Australia’s terribly destructive bushfires show few signs of abating and they are now starting to have an impact on companies listed on the share market.
The insurance sector is an obvious place to start and sure enough Australia’s biggest general insurer – IAG (ASX: IAG) – has already stated that the bushfires could leave a sizeable dent on its bottom line.
Some of IAG’s better known brands include NRMA, CGU, SGIO, SGIC and Swann Insurance and the overall group has already received more than 2,800 fire-related claims since September with an estimated value of $160 million.
Insurance claims mounting up
That claims number is obviously still rising as more homes and possessions are damaged or lost, but has already said that it expects to pay out close to $400 million for natural disaster claims from the second half of 2019, which is well above the insurer’s allowance for that period of $320 million and is 60% of its annual “perils” budget of $640 million.
As well as bushfires, hail storms on the Sunshine Coast and in New Zealand in November helped to boost that $400 million in natural disaster claims.
Not all of that impact will be felt by IAG, which re-insures a lot of its risks and also announced last week that it had finalised its catastrophe re-insurance program for the 2020 calendar year, increasing its gross re-insurance protection to up to $10 billion, from $9 billion in 2019.
The group’s Australia division chief executive officer Mark Milliner said bushfires and been exacerbated by prolonged drought and conditions were expected to deteriorate over the coming weekend.
Victorian losses still to come
So far, according to the Insurance Council of Australia, the vast majority of claims have come from NSW, with a much smaller number of claims from Victoria and South Australia, but, again, that is probably about to change as the bushfires continue to rage across state boundaries.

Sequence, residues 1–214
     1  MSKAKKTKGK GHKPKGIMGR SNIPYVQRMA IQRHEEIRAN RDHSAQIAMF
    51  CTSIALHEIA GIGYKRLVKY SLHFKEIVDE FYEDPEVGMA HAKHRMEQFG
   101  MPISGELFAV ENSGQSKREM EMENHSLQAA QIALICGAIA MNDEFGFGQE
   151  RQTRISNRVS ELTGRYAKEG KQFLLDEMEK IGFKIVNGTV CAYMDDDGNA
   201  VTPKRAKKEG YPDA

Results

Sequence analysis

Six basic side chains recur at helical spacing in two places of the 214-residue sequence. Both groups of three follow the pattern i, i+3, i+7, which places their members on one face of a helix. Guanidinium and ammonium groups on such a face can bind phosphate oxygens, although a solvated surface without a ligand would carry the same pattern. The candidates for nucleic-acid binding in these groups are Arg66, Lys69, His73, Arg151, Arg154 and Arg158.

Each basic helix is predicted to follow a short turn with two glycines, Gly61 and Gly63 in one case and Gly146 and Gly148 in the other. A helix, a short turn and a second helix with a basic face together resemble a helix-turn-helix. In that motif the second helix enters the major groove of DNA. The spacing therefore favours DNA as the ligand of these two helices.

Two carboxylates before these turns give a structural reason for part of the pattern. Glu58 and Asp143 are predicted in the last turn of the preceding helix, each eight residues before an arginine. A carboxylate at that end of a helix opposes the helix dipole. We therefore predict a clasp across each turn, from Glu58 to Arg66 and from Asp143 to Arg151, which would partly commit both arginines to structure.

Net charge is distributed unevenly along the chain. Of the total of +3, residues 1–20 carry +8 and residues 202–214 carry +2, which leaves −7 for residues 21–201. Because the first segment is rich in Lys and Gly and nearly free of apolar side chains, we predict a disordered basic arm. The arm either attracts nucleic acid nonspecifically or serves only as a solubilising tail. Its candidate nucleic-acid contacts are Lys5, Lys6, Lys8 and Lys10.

It is worth remembering that the Victorian Bushfires Royal Commission’s final report put the overall cost of the 2009 Black Saturday fires at more than $4.4 billion, with most of that total being insurance claims for the loss of 2,000 houses.
Fire hits the big cheese
Diary giant Bega Cheese (ASX: BGA) is another company feeling the heat from the fires with chief executive officer Paul van Heerwaarden telling the ASX that some of the company’s milk suppliers and employees had been impacted by the fires around Bega and Cobargo in NSW.
Some have lost homes and suffered burnt pasture with the picture still unclear, although at this stage no dairies have been lost.
Bega Cheese says its two facilities in NSW have not been directly impacted and remain fully operational.
“We are working closely with our employees, dairy farm suppliers and freight providers to ensure milk can be delivered and processed whilst taking every precaution to ensure the safety of everyone involved,” Bega told the ASX.
Bega also thanked the local council and Rural Fire Service, and said it would provide more updates as required, but unlike the insurers whose shares remained robust, the news sent Bega shares sharply lower.
Berries and tourists become scarce
The berry plantations at the farm were not materially affected, according to the company.
Accommodation provider Aspen Group (ASX: APZ) has forecast an income hit of at least $500,000 as bushfires continue to threaten the NSW south coast and cause evacuations which are obviously keeping holidaymakers away.
Timber plantations destroyed
Two sets of fires have also caused significant damage to plantations owned by Kangaroo Island Plantation Timber Plantation (ASX: KPT).
Initially, the company lost 891 hectares in the first fire but a second fire damaged a further 971ha of plantations.
That represents a further 7% of its landholding, which it estimated had an insured value of about $8.5 million.
After the company came out of a trading halt its shares dropped by 12.9%.
Kangaroo Island Plantation is Australia’s only listed timber company, with about 25,000ha of land on which it grows pine and eucalyptus.
The company will now try to quickly salvage pines and eucalypts that have been killed, but not burned before the timber deteriorates, perhaps barging timber from the island.